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Is it possible to convert a linux computer to a router? I am pretty green when it comes to networking, but I have a strong desire to make this work. ...
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  1. #1
    Linux Newbie ThoughtVelocity's Avatar
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    Make Linux box into a router


    Is it possible to convert a linux computer to a router? I am pretty green when it comes to networking, but I have a strong desire to make this work. I currently use my SBC supplied DSL router (pppoe) connected to my computer. The router is junk to put it mildly. I have to restart the thing like every half hour or so. Plus I'd love to have one less piece of hardware plugged in. My goal is to do away with it and "bring it inside". Hardware wise I assume all I need is two NIC cards which I have. Is there software to make this easier? Or does a particular distro have some edge in this area? I'm looking for some input at this point. Maybe a link to some howto's to see if this is do-able. Thanks.
    "If you are out to describe the truth leave elegance to the tailor."
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  2. #2
    Linux User Stefann's Avatar
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    Re: Make Linux box into a router

    Quote Originally Posted by ThoughtVelocity
    Is it possible to convert a linux computer to a router? I am pretty green when it comes to networking, but I have a strong desire to make this work. I currently use my SBC supplied DSL router (pppoe) connected to my computer. The router is junk to put it mildly. I have to restart the thing like every half hour or so. Plus I'd love to have one less piece of hardware plugged in. My goal is to do away with it and "bring it inside". Hardware wise I assume all I need is two NIC cards which I have. Is there software to make this easier? Or does a particular distro have some edge in this area? I'm looking for some input at this point. Maybe a link to some howto's to see if this is do-able. Thanks.
    You for one, either need two NIC cards and a external DSL modem, doesn't have to be a router, but has to at least be a modem, said modem needs to work with your ISP, or a internal DSL modem, which also needs to work with your ISP.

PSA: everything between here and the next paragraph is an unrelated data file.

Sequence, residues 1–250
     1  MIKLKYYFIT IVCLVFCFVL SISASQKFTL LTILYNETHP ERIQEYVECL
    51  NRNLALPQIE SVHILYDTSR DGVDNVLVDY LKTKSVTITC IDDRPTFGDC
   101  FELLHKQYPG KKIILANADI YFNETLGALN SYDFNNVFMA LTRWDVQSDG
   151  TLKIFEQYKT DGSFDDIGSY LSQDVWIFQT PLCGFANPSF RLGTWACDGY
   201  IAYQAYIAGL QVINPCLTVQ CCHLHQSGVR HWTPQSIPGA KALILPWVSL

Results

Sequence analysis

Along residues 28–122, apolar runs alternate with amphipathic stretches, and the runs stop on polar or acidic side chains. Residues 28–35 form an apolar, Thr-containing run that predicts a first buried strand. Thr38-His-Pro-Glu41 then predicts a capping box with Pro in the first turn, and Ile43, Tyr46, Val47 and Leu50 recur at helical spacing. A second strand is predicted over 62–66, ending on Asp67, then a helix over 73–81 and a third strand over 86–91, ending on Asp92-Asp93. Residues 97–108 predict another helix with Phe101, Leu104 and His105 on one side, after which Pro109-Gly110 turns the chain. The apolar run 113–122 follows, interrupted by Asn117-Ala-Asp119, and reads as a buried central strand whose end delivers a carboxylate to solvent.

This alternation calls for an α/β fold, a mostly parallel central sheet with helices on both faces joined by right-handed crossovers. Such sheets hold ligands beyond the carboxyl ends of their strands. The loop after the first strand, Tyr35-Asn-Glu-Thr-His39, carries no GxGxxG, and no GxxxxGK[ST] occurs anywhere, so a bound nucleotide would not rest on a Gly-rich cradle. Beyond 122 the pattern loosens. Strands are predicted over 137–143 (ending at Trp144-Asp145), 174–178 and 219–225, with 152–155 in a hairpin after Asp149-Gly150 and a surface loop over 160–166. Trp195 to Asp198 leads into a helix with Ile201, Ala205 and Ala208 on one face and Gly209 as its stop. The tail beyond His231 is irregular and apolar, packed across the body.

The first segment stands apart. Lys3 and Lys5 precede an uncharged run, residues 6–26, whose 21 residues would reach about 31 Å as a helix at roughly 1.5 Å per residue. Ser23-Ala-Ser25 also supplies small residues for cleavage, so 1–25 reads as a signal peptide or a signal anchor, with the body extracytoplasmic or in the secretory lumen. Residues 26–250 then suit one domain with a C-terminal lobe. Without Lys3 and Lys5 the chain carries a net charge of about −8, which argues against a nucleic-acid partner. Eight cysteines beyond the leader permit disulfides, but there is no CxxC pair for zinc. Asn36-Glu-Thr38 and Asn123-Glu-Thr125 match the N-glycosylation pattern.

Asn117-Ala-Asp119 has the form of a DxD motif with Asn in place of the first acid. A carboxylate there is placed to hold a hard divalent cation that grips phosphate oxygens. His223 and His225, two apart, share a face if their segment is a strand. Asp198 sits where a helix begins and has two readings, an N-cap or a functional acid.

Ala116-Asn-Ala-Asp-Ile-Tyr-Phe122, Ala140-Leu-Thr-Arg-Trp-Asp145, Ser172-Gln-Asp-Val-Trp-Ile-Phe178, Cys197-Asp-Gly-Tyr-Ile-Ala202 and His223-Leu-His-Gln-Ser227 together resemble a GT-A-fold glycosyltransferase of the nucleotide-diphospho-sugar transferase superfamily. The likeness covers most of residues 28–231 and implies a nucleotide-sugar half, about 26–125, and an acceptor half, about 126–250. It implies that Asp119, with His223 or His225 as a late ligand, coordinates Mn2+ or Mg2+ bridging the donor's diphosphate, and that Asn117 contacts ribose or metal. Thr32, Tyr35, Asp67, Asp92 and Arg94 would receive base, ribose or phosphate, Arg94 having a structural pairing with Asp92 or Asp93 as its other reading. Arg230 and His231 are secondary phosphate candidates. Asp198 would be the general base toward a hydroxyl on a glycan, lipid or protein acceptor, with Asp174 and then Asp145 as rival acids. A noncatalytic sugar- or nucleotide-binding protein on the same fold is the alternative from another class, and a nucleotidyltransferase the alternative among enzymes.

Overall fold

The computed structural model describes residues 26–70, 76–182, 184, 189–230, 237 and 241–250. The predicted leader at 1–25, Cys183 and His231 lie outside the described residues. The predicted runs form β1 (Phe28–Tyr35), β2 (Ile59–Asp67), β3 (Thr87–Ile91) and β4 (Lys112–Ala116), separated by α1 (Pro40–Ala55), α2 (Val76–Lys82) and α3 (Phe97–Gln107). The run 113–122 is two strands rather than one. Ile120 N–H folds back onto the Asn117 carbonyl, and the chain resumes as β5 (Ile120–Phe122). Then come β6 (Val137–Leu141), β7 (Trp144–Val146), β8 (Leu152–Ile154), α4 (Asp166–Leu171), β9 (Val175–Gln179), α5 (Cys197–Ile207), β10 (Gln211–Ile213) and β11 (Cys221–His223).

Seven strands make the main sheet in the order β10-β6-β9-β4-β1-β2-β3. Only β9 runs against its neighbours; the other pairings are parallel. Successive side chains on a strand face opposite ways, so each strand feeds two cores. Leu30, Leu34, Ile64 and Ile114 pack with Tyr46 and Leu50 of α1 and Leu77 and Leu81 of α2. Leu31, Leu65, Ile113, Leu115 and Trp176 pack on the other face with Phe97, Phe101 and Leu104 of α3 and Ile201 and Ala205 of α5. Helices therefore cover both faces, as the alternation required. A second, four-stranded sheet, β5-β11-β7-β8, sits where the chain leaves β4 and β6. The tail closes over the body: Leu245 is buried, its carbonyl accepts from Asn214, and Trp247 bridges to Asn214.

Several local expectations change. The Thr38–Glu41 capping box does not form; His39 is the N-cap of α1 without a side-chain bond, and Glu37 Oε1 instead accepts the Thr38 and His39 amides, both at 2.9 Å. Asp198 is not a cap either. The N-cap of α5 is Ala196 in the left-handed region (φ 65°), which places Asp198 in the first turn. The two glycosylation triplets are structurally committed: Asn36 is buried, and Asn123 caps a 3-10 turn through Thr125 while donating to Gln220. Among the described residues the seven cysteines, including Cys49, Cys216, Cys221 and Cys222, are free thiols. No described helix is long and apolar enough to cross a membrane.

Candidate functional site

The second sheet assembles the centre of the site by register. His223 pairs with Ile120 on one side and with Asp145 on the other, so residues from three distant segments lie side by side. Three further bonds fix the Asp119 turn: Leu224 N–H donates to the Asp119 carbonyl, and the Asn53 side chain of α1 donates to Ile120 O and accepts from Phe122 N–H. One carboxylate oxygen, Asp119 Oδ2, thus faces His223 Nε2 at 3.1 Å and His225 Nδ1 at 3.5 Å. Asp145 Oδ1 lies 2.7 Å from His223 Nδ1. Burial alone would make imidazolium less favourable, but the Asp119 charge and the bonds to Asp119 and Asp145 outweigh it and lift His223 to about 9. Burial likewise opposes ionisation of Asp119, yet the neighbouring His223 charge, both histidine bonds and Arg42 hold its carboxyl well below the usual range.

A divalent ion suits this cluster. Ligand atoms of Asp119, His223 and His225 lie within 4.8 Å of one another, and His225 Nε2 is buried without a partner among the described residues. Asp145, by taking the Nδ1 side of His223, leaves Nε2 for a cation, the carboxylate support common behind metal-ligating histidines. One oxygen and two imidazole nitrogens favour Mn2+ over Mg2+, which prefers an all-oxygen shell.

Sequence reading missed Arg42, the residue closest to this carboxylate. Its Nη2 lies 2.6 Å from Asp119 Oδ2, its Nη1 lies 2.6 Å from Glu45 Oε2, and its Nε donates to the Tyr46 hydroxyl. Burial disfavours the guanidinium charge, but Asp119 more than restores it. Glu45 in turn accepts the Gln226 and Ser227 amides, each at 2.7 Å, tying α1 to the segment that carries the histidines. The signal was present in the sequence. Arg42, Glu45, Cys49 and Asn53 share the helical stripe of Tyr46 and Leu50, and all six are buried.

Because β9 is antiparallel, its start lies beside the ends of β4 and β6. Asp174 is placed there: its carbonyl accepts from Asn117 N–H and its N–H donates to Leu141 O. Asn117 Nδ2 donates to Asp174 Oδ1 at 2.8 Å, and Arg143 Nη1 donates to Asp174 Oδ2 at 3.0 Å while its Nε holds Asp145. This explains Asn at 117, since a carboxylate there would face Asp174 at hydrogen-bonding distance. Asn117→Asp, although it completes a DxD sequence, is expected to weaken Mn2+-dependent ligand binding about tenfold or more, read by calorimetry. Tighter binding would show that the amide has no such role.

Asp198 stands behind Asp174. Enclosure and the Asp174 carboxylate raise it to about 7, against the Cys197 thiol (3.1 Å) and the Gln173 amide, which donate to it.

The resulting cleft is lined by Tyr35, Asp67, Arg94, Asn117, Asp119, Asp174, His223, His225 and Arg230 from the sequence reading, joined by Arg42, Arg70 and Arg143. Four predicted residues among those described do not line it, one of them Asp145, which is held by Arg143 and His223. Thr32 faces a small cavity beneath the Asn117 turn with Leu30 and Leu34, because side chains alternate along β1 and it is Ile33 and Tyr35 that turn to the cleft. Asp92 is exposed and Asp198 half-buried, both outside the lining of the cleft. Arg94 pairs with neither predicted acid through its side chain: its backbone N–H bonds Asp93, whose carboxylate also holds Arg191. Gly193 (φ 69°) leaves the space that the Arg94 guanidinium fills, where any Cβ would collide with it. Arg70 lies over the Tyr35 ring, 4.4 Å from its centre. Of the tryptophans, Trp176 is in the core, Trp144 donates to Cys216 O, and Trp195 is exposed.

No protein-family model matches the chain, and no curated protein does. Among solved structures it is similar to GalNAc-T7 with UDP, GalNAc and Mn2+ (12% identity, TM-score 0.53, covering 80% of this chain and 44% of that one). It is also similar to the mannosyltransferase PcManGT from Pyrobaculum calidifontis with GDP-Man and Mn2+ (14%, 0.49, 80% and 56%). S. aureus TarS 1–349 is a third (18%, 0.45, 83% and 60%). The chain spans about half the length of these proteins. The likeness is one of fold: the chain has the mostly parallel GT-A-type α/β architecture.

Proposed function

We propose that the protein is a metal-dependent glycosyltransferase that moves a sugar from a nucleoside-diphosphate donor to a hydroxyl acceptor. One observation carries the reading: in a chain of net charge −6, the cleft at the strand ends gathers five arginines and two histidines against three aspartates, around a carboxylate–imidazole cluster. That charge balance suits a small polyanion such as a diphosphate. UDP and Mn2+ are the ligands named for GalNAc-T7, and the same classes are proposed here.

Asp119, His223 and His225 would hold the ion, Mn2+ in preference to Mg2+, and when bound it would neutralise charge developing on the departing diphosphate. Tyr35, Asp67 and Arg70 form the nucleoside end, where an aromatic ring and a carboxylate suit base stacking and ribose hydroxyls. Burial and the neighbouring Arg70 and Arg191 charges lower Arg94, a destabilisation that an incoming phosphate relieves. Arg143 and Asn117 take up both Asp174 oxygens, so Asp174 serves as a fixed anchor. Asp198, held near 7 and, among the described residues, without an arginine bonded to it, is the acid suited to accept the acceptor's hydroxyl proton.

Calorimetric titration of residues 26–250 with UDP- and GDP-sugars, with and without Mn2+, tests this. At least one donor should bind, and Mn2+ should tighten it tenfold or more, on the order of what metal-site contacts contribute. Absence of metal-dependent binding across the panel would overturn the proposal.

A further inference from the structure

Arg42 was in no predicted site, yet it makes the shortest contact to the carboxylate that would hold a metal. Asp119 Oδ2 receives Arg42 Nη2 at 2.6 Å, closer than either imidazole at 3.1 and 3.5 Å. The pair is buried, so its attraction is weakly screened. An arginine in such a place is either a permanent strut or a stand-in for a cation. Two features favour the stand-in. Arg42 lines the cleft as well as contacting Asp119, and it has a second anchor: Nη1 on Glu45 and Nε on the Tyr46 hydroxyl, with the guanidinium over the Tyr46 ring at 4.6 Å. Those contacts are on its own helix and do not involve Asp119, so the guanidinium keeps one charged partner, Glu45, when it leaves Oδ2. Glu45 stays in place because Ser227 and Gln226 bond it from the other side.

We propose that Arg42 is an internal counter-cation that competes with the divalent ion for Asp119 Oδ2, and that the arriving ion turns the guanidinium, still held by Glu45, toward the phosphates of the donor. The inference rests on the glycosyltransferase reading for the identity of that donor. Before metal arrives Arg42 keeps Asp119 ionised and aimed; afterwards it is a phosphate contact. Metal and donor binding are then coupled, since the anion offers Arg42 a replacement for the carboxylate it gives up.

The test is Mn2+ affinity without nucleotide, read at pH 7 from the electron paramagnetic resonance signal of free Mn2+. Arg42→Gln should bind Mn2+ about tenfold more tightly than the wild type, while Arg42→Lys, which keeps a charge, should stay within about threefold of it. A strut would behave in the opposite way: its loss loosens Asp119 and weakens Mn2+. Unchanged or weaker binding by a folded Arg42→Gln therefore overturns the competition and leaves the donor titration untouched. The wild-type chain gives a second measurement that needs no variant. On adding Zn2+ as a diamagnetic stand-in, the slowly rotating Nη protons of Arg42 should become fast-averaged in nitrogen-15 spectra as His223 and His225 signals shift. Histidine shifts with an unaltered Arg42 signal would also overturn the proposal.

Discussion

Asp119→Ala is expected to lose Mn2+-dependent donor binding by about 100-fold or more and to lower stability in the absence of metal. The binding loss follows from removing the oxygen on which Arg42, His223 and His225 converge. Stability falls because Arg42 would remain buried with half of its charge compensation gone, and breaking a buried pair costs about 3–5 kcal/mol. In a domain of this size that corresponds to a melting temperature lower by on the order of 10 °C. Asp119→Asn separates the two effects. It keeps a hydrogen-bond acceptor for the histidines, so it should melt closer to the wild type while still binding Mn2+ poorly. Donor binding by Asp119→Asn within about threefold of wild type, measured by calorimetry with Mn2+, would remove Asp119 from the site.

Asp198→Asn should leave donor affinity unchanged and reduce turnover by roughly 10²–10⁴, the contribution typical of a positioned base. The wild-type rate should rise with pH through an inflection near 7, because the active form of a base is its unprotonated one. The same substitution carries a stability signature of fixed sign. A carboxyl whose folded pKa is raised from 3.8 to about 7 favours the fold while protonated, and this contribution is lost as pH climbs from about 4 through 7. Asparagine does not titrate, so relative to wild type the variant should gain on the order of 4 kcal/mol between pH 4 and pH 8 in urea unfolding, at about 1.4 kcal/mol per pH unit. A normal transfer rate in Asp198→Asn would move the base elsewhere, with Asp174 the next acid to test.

Second, you need a (2nd) NIC to connect to a network hub(not router, they are two entirley different things) which will connect to all of your PC's.

    Third, you need to set up a DHCP server or assign all of your network PC's static IPs.

    Fourth and foremost, you need to set up IPtables to NAT your network, if you have servers running on them id recommend doing some hostname forwarding, but anyways now I'm getting a little overboard.

    Disclaimer: I DO NOT KNOW ANYTHING ON HOW TO SET UP IPTABLES, I only know you need to use it.
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  3. #3
    Linux Newbie ThoughtVelocity's Avatar
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    You, know I have probably not thought enough about this. What I was refering to as the router is in fact what you say is the modem. That's what I was hoping to eliminate. Well I guess that makes my mind up. Thanks.
    "If you are out to describe the truth leave elegance to the tailor."
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  5. #4
    Linux Guru AlexK's Avatar
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    There are a few distros which can do this for you automaticially without any hassle, I'd suggest you take a look at either Smoothwall or IPCop. Also, both act as firewalls, require low spec hardware (PII, 32MB RAM) and are relatively painless to setup.
    Life is complex, it has a real part and an imaginary part.

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    Yep, I use IPCop and love it. Though it is not a Modem, it is a multi inteface firewall and router.

  7. #6
    Trusted Penguin Dapper Dan's Avatar
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    Or you could buy a Linux router...

    http://www.linuxjournal.com/article/7322

    Linux Mint + IceWM Registered: #371367 New Members: click here

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